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Found 10 records similar to Tern Abundance - Terra Nova
Terra Nova National Park conducts weekly shorebird surveys during August and early September in order to monitor the abundance of Greater Yellowlegs and other shorebird species.
The second largest concentration of common terns (Sterna hirundo) in North America is found on Tern Islands, a set of three small barrier islands separated by water at high tide located within Kouchibouguac National Park. These seabirds are indicators for the condition of coastal, marine, as well as estuarine ecosystems due to the use of these nesting and/or breeding grounds, and their reliance on the distribution of small fish populations in lagoons or along the outer beaches of barrier islands throughout the breeding season. The purpose of the common tern colony monitoring program is to determine the annual total number of nests and estimate mean clutch size in order to evaluate long-term breeding population health. The methods for this measure involve an annual systematic census on Tern Islands over a 1-2 day period in mid-to late June during the late incubation stage.
Monitoring of the number of eggs and nests for the tern. Field data from 1992 to 2019. Many islands in the MANPRC are used by the terns for their nesting. The presence and great abundance of this species are characteristic of the inland ecology of the park.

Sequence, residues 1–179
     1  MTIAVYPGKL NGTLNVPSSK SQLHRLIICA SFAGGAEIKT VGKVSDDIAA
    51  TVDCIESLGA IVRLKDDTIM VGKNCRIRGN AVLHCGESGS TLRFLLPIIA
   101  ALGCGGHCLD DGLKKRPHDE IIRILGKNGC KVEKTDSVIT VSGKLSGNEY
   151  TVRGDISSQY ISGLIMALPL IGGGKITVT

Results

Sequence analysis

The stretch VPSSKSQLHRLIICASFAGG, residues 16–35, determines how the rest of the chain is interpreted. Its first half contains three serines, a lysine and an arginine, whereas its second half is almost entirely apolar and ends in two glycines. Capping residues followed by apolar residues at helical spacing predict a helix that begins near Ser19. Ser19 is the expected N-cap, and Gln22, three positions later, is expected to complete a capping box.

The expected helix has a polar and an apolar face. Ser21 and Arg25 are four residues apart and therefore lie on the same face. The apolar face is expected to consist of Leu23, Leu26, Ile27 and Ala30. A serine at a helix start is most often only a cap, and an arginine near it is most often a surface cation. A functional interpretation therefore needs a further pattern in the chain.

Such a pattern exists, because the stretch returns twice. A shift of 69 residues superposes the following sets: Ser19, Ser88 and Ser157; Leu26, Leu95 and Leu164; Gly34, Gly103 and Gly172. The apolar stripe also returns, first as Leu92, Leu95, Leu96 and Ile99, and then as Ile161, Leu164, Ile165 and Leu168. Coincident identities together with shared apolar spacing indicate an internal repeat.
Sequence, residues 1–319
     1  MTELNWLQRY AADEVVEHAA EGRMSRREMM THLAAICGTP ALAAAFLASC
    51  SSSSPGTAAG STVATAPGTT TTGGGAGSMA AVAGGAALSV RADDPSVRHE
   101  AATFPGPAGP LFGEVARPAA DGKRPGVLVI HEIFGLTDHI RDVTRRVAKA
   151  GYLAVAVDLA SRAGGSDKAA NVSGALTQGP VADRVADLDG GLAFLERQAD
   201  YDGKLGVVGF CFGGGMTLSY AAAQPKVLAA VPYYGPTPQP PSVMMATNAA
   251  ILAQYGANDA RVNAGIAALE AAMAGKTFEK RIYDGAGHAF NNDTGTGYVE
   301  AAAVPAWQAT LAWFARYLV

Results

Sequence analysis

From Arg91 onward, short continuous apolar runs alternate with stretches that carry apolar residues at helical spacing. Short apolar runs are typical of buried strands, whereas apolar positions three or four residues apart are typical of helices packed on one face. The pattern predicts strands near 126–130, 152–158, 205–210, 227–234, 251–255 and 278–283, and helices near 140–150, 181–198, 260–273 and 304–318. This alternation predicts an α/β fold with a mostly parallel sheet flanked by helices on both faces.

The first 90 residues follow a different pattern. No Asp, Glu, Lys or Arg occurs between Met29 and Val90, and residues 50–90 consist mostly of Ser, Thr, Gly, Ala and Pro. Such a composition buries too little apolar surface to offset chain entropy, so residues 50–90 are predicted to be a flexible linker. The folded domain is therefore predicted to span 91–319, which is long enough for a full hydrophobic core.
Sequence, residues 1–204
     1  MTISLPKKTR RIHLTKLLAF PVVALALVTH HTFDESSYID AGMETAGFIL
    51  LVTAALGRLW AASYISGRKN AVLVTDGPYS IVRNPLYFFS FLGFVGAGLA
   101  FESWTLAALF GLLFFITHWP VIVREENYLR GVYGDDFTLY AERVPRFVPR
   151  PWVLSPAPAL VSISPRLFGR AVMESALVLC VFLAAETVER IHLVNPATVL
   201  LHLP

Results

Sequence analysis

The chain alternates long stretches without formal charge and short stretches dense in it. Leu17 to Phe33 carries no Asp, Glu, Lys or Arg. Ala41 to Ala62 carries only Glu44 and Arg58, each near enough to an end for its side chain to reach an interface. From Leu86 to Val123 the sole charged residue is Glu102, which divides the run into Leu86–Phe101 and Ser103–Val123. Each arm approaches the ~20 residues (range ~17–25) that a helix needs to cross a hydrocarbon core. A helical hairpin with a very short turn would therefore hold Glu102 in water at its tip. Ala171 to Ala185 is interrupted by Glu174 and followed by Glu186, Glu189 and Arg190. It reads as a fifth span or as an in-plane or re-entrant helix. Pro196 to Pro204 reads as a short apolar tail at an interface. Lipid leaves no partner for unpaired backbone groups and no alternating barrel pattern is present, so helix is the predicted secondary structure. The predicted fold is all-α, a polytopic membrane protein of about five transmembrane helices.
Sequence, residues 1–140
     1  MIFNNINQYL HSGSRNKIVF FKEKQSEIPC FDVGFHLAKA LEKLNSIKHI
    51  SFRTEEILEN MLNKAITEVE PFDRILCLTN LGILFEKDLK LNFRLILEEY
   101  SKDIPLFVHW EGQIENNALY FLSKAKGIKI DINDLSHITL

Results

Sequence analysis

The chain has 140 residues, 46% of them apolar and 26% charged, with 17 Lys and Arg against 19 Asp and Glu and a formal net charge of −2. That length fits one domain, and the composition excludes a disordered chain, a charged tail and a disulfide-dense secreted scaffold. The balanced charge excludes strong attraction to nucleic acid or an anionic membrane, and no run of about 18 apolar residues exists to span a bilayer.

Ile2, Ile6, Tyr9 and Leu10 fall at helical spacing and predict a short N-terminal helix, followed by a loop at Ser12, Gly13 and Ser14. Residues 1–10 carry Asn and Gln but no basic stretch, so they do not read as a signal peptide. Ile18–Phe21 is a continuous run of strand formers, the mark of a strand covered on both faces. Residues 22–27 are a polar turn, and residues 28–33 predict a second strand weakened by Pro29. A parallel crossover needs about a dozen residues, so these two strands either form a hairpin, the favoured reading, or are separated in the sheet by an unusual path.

Terra Nova National Park monitors crab populations for the presence of the invasive European Green Crab; the abundance of native Rock Crab is also monitored. Park personnel uses baited traps for these surveys.
The park maps the existing human footprint and footprint edge in Terra Nova.
Terra Nova National Park monitors annual decay rate by measuring decomposition of tongue depressors buried within randomly selected Balsam Fir and Black Spruce plots.
Terra Nova National Park employs fixed station pressure/temperature loggers to continuously monitor stream water temperatures over the entire summer at designated stream study sites.
Terra Nova National Park monitors non-native mammal browse pressure on forest plant communities on transects and plots.
Terra Nova National Park monitors wetland plant richness at 30 randomly selected plots along a 80 meter transect.
Terra Nova National Park uses fixed station stream gauges and pressure temperature loggers to monitor the following stream flow aspects: Richards-Baker index of flashiness, ratio of yearly precipitation to runoff, low flow volume, annual maxima/minima, and mean monthly flow.